Bread is often fortified with dietary fiber of various origins to meet “good” and “excellent” source-of-fiber claims. But while incorporating soluble fiber at the elevated levels needed to fulfill such claims, the high water-binding capacity characteristic of fiber can cause undesirable rheological changes to dough, namely stickiness and poor machinability, which can result in bread with low loaf volume and a coarse, crumbly texture. This occurs because the additional fiber dilutes the protein content, which stresses the gluten network and reduces gas retention.

Reinforcing the gluten network by adding vital wheat gluten or using a high-protein spring wheat flour are possible approaches to improving the volume and texture of high-fiber breads.

Another option is to find a more functional fiber. Fibersym RW is a Type 4 resistant starch (RS4) produced by MGP Ingredients Inc., Atchison, Kan., by cross-linking starch granules using a phosphorylation technique. (Phosphorylation means adding a phosphate group to a protein or other organic molecule.) The resulting starch is indigestible because mammalian enzymes cannot reach into the starch’s compact structure, which is highly restricted to swelling.

RS has health benefits similar to dietary fiber consumption: Colon cancer prevention; cholesterol reduction; and blood glucose attenuation. Since Fibersym RW is a fine white powder with a bland flavor, it has a low water-holding capacity (similar to flour) and doesn’t significantly affect dough-handling properties. It’s theoretically suitable for increasing the fiber content of bread.

As a side project to my thesis research, I put Fibersym to the test in white pan bread. I baked and analyzed bread with 0, 5, 10, 15, 20 and 25% of the flour replaced by Fibersym to evaluate the influence of this resistant starch on dough characteristics, bread crumb quality, shelf life, total dietary fiber (TDF) content and consumer acceptability. The protein content remained the same for all treatments, due to vital wheat-gluten supplementation.

Mixograph and baking water absorption (see “The powerful WAT-tage of ‘wonder wheat’” in the November 2013 issue of SF&WB) remained the same as the control (62%) for dough containing 5, 10 and 15% RS4; however, a significant increase in absorption (64%) occurred with 20 and 25% RS4. The 25% RS4 dough required the longest mixing time (3.75 minutes), which is still acceptable for commercial production.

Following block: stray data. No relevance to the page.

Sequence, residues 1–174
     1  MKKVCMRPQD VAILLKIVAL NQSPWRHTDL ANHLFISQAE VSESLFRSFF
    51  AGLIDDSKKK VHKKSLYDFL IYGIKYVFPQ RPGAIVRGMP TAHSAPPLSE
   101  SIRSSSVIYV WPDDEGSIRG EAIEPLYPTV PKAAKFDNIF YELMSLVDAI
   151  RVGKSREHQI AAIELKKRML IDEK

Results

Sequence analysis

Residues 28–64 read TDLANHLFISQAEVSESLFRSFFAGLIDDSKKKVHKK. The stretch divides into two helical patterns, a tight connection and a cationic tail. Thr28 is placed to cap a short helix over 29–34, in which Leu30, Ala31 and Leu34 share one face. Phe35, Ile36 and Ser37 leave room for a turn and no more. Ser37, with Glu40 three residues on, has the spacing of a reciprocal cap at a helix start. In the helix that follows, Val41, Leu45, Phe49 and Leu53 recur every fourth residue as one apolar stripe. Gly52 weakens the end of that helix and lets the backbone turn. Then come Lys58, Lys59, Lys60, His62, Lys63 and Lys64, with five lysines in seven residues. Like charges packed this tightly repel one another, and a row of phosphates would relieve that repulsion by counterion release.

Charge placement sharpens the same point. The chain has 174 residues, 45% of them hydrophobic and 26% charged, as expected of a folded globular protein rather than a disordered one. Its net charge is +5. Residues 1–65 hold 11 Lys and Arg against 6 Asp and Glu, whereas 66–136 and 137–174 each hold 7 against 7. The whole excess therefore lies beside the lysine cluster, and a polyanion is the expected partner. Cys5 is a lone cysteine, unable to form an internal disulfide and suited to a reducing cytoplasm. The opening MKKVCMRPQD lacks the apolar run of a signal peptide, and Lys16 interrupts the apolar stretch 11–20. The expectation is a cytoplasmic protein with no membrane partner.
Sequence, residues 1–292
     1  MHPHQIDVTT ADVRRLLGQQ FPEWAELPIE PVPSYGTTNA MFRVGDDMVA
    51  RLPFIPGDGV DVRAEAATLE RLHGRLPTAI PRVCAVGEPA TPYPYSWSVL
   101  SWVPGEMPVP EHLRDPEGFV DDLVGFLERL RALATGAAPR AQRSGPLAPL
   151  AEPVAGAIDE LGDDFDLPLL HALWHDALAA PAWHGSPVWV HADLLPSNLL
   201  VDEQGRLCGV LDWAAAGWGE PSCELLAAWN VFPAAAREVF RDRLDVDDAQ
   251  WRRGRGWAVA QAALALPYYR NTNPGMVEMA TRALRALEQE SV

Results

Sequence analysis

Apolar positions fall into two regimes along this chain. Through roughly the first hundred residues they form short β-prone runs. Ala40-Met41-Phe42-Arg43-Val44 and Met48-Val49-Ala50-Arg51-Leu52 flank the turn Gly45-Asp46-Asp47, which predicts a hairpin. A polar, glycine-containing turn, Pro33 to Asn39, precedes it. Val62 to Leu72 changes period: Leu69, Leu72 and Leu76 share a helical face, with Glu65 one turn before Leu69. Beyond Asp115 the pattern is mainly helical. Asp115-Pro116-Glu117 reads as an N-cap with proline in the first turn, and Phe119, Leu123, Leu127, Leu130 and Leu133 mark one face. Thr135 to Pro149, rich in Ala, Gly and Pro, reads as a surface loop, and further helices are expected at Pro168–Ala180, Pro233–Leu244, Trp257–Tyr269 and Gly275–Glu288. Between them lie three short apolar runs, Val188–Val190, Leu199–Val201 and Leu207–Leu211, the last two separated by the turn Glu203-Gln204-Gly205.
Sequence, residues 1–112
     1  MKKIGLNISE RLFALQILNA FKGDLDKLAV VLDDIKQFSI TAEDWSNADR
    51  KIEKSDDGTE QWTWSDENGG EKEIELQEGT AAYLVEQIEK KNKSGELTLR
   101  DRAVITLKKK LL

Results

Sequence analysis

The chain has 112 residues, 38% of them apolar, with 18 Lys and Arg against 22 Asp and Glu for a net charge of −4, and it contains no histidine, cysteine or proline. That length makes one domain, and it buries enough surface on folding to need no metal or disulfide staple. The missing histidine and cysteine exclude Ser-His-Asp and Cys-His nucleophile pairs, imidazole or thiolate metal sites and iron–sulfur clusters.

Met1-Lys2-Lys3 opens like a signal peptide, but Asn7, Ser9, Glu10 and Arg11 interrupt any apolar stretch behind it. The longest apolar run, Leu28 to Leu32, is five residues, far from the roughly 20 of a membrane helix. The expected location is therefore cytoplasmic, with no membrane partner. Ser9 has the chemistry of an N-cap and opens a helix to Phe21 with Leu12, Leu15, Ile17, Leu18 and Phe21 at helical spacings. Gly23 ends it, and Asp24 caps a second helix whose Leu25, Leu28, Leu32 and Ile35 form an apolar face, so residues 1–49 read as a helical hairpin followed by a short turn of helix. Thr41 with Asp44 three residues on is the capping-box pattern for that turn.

Dough strength wasn’t significantly affected until it reached the 25% inclusion level, and I saw no significant effect on the dough extensibility. The highest application level exhibited a lower loaf volume than the control.

Fibersym incorporation had a marginal effect on crumb grain quality. Image analysis of the crumb structure showed no significant difference in the number of cells between loaf treatments. The significantly smaller average cell wall thickness, cell diameter and cell volume of the loaves containing 25% RS4 indicated that the depressed loaf volume was a result of less cell expansion, rather than cells combining.

During the two-week, shelf-life study, I found no difference in crumb firmness or elasticity between RS4 treatment levels within the test days. Based on these results, I found that RS4 can be added to white pan bread at levels of up to 25% without influencing product shelf life.

As the RS4 usage level increased from 0 to 25%, the bread’s TDF content rose from 2.9 to 9.2%. Loaves with 15, 20 and 25% RS4 qualify for the FDA’s “Good Source of Fiber” claim by providing 10 to 19% of the daily recommended value (DRV) of 25 g. of fiber per 50-g. serving size of bread.

A study with 98 volunteer panelists showed no significant difference in bread flavor between the control and RS4 levels evaluated (15, 20 and 25%).

A large proportion of the participants (87.2%) reported that they would purchase bread with a “good source of fiber” claim. Because the vast majority of the participants surveyed reported daily (69.1%) or at least once-a-week (24.7%) bread-consumption patterns, and the consumer evaluation scores of bread with and without RS4 were very similar, I concluded that RS4 inclusion in bread is a feasible avenue for increasing fiber intake in the American diet. Resistant starches like Fibersym can be added at levels up to 20% without adversely affecting dough and bread quality, while increasing TDF content 153%. In short, I’d say it passed the test!

Elyse Buckley is a Master of Science candidate student in the grain science department at Kansas State University, Manhattan, Kan. She studied abroad last year and had an internship with Flowers Foods in 2009, spending time on a production line and in research and development. She will continue with her bakery studies and offer her observations and impressions of an education in baking.